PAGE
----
Meridian Theory and Qi

Meridians are believed to be specific, interconnected channels which pass through all regions of the body. There is no physical, verifiable, anatomical or histological evidence that supports the existence of meridians, although some research has shown that transmission of information experienced as Chi could be possible through the subcutaneous fascia.

Life Force Flow

Chi (also known as Qi), which can be roughly translated as “life force energy” or “spiritual energy”), is believed to flow through the bodys meridians. When the flow of “life force” is blocked, impeded, or imbalanced at a point in the body, illness or loss of function can result. Such beliefs underpins many of the techniques and treatments used in Traditional Chinese Medicine, and various TCM therapies (such as Acupuncture and Acupressure) aim to improve the flow of Chi and restore balance to its flow by reducing or eliminating blockages in these meridians.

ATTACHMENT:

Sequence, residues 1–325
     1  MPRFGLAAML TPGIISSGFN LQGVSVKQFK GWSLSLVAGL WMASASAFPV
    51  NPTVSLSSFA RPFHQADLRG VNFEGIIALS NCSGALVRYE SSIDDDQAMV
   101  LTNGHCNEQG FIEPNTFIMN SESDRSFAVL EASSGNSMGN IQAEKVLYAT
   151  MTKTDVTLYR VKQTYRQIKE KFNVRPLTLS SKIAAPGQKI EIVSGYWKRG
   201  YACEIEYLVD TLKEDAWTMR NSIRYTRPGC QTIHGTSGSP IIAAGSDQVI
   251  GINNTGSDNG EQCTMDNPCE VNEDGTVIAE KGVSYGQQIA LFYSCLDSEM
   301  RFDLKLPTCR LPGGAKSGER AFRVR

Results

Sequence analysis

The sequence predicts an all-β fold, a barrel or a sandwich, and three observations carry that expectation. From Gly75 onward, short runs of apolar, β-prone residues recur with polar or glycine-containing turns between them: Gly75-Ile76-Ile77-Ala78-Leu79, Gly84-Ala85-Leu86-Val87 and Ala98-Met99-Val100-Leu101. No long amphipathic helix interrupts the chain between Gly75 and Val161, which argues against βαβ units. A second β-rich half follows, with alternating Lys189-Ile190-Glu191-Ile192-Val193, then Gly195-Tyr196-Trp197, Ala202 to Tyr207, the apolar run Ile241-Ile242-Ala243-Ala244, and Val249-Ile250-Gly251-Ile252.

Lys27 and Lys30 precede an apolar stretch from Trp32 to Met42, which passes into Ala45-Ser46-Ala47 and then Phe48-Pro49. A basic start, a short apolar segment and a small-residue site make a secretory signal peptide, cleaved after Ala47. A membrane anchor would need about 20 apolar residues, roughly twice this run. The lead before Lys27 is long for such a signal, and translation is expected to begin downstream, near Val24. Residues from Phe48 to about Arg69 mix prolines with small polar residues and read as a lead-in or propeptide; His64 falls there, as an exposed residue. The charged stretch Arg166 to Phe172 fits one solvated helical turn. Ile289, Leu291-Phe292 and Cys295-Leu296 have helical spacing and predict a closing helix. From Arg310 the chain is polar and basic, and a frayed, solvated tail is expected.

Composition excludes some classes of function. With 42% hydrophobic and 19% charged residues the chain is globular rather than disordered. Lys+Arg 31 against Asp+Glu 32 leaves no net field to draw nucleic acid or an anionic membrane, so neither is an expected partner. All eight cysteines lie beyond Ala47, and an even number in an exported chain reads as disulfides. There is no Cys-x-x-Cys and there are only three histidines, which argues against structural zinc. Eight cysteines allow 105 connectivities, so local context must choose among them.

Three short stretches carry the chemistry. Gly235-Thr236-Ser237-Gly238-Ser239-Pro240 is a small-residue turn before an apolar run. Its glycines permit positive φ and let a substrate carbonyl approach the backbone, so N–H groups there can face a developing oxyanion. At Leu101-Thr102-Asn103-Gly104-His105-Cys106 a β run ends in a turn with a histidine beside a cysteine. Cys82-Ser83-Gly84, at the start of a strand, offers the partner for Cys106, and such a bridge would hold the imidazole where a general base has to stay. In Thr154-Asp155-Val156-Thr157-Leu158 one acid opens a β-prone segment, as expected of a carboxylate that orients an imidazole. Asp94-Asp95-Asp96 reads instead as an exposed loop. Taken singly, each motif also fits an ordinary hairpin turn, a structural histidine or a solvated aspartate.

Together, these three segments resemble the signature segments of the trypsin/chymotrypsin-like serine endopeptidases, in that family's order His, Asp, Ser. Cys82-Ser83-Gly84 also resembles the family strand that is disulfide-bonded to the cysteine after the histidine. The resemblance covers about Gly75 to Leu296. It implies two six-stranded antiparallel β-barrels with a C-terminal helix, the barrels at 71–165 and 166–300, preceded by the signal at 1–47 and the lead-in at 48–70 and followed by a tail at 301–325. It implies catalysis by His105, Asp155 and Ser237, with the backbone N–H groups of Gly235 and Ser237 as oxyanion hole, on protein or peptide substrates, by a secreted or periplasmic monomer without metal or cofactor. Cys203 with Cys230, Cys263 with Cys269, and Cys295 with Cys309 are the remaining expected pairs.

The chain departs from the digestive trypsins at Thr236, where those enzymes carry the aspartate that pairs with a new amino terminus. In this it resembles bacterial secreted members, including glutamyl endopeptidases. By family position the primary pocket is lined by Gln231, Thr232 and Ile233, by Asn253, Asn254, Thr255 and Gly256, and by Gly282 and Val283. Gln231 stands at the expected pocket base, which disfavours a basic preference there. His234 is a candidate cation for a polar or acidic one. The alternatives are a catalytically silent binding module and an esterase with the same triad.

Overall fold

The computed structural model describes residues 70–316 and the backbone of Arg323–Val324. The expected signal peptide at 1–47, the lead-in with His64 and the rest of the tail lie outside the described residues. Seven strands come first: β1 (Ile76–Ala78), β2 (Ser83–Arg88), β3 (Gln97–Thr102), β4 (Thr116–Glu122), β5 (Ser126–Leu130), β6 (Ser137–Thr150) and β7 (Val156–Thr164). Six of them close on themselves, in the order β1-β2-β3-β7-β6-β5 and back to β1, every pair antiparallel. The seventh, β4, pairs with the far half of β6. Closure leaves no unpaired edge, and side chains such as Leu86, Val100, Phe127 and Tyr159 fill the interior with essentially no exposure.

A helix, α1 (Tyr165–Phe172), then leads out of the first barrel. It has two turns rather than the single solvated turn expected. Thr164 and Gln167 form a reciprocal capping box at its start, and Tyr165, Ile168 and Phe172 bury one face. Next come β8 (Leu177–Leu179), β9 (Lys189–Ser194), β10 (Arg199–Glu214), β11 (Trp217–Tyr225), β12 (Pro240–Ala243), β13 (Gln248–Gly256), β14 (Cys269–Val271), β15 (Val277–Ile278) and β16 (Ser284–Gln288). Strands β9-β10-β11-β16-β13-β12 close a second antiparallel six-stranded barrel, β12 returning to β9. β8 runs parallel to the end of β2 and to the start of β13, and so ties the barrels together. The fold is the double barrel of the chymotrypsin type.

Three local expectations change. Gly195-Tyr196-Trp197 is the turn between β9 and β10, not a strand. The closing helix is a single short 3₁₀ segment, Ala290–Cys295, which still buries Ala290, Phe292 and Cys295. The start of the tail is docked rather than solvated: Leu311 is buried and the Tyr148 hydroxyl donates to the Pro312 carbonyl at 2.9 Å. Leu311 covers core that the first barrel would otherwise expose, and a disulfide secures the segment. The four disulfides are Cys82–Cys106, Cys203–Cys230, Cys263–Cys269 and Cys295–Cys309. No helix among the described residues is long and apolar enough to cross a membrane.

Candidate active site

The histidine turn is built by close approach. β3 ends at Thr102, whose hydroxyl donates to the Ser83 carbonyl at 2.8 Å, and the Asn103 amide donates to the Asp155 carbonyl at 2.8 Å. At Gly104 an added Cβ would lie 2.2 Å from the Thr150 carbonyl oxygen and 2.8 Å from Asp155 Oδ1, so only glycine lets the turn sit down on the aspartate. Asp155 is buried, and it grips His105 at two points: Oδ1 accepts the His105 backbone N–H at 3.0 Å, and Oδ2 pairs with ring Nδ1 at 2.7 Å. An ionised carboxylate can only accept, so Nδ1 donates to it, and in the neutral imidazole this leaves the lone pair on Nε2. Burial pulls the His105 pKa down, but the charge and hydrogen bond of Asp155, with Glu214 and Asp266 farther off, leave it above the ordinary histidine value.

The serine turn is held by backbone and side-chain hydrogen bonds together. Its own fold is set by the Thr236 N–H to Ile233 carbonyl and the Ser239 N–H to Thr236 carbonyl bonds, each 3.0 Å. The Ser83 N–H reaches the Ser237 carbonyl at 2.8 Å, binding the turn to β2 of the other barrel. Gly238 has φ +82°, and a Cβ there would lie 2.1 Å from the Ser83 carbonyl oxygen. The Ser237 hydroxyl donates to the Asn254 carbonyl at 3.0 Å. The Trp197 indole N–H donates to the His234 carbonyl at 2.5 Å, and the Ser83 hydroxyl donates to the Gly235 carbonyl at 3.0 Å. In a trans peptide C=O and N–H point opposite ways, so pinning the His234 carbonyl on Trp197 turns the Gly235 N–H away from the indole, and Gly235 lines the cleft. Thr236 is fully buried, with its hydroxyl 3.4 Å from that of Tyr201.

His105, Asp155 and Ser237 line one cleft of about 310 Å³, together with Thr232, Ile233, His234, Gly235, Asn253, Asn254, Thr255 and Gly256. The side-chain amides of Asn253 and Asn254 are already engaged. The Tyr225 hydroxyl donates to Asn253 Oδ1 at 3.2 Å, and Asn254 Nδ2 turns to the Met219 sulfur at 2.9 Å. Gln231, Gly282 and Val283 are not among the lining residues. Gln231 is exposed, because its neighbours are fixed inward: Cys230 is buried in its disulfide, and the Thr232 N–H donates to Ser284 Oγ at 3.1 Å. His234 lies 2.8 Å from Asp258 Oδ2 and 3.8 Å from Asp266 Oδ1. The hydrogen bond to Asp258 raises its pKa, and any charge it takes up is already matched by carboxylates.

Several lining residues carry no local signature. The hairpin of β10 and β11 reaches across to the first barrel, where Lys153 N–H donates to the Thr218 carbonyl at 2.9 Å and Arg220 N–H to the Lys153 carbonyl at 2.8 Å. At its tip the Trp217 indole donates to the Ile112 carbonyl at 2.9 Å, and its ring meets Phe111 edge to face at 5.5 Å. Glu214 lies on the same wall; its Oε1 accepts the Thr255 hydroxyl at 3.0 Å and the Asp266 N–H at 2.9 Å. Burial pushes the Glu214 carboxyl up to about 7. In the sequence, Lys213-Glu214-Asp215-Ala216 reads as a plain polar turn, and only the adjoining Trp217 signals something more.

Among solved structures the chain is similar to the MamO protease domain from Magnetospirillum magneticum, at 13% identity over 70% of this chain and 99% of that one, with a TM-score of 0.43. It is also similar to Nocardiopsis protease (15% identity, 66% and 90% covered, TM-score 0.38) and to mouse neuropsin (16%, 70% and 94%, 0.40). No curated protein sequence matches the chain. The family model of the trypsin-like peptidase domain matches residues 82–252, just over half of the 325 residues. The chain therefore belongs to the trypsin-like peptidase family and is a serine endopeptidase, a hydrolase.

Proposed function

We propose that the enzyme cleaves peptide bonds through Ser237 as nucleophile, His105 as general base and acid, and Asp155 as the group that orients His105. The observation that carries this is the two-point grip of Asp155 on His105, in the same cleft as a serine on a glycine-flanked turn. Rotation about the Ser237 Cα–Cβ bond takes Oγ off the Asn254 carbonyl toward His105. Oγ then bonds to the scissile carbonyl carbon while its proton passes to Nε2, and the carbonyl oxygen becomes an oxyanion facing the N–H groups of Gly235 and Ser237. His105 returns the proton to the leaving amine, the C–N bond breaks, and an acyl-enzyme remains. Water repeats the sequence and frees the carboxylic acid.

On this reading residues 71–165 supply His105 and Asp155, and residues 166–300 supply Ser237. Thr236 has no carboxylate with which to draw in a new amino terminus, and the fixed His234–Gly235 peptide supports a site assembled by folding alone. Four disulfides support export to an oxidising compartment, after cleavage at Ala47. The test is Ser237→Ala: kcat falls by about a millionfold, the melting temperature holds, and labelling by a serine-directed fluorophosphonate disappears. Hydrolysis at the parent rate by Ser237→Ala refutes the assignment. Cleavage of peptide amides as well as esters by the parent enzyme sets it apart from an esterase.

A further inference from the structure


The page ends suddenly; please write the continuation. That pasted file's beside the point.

Bodily Fluids

As well as Chi, the balance of Yin and Yang in the human body is also considered with respect to blood, jing (“kidney essence” or “semen”), other bodily fluids, emotions, and the soul or spirit (shen).

Patterns of disharmony in the body (such as illness, disease, emotional disorders, etc) are thought to be caused by disruptions in the body’s energy flow along the meridians. To correct those disruptions, specific points on the meridians, called acupoints, are stimulated via needles, burning incense cones (moxa), applying pressure, massage, or other means.’

It is also believed that blockages of the life force are reflected through the feet, hands and ears in the form of lumps or crystals and that particular treatments, such as Acupressure and Reflexology, that stimulate these points can dissipate the blockages and improve the flow of vital energy to various unhealthy parts of the body and promote healing.